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The United States, a polarized country

The resurgence of white supremacists groups in the US is a disquieting but unmistakable sign of a setback for equality
File photo/EL UNIVERSAL
20/08/2017
09:00
Mexico City
Newspaper Leader by EL UNIVERSAL
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The United States is today – as it has always been since its foundation – a diverse and open society. Despite this fact, racism has, unfortunately, become an issue for the American people again. Perhaps it's a symptom of the times we're living in, when several of the values and foundations of Western societies are being strongly questioned.

Even if this is nothing new for the US, since Donald Trump entered the political stage of America, this phenomenon, heavily linked with xenophobia, and anti-immigration movements, has entered into the spotlight once more after the events of Charlottesville, Virginia, in which, one week ago, racist and neo-Nazi groups openly marched on the streets of this city, expressing the growing rejection towards cultural and ethnic diversity in the United States – represented by the people who these groups consider their enemies; the minorities, mainly the African-American and Latino communities, even though it is applicable to anyone different from them. Yet this issue is thrown once more into the public eye after the ambivalent statements of President Trump on this matter.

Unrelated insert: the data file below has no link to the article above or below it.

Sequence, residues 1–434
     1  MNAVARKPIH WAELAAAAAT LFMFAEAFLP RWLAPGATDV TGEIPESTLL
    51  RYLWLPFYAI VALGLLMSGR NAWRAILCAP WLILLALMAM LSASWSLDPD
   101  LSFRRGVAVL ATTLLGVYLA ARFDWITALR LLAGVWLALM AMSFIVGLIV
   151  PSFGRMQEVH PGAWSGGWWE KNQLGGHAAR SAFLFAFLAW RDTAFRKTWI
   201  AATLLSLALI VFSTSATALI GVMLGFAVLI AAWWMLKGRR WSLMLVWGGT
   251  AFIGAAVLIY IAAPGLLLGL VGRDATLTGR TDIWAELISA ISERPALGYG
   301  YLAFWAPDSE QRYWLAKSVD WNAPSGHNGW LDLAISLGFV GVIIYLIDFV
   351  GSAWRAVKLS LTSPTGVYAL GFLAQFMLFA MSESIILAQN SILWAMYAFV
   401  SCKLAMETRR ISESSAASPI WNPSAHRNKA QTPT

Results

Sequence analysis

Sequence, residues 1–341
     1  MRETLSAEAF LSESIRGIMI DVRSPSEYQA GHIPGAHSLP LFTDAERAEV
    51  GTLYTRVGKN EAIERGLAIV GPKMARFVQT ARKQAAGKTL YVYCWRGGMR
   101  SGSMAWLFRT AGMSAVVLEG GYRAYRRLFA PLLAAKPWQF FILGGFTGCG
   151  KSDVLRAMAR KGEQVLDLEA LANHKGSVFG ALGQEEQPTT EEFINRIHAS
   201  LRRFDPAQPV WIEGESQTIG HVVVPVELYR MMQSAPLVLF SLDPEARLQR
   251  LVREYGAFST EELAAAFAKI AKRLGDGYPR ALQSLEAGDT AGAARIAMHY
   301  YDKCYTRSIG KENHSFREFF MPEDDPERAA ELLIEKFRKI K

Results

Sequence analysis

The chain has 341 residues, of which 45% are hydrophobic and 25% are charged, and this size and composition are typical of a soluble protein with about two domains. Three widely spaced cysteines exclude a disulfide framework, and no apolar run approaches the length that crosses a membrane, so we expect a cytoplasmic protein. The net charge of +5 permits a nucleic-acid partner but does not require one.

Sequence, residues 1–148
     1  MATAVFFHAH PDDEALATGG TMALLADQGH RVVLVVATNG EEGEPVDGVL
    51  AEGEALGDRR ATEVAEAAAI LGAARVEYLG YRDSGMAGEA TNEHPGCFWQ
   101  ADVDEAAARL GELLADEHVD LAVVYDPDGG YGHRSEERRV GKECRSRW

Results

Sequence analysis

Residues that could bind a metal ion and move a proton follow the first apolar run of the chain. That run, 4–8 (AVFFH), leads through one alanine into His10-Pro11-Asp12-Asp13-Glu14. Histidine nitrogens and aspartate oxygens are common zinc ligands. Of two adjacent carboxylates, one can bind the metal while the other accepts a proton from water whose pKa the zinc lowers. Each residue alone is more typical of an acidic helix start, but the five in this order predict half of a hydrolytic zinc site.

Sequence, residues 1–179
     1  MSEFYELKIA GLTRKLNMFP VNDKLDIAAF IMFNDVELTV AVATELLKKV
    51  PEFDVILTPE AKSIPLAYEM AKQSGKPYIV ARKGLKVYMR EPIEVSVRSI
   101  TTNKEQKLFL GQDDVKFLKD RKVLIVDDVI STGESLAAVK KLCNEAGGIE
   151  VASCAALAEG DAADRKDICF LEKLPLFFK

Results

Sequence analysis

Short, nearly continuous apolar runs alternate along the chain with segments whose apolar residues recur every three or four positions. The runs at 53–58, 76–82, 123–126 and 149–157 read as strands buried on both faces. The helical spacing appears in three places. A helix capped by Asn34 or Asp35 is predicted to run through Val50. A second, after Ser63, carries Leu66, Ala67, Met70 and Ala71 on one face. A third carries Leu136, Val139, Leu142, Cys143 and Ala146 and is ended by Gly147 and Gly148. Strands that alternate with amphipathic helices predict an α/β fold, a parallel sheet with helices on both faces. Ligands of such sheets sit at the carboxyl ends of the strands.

That today we still have supremacist groups such as the Ku Klux Klan – with their medieval and obscurantist regalia – marching shamelessly across cities in the United States, reclaiming an allegedly superior race, is a disquieting but unmistakable sign of a setback for equality, which has cost many lives to a nation which boasts being a bastion of human rights and freedom.

Seeing that in the last decades there's been considerable progress in the inclusion of new groups into American politics, culture, and economy, what threatens those who considered themselves privileged is not a mere casualty, but not less damnable that at the height of the 21st century, when the religious and ethnic diversity in the United States is greater than before, there is a resurgence of this racists groups.

What is new and indignant – and its impact on the social weave of the United States yet unknown – is that the very guest of the White House, the President of the United States of America, is supporting these supremacists through direct or veiled rhetoric.

Opposing social and political inclusion of people based on the color of their skin, their religion, or any other characteristic only unmasks those who defend these positions that, we have to keep in mind, have never stopped polarizing the American people. This is why it's so serious that Donald Trump, who understands, and at times legitimises, the fears of this sector of white extremists, doesn't openly condemn them in his quality of President of the United States.

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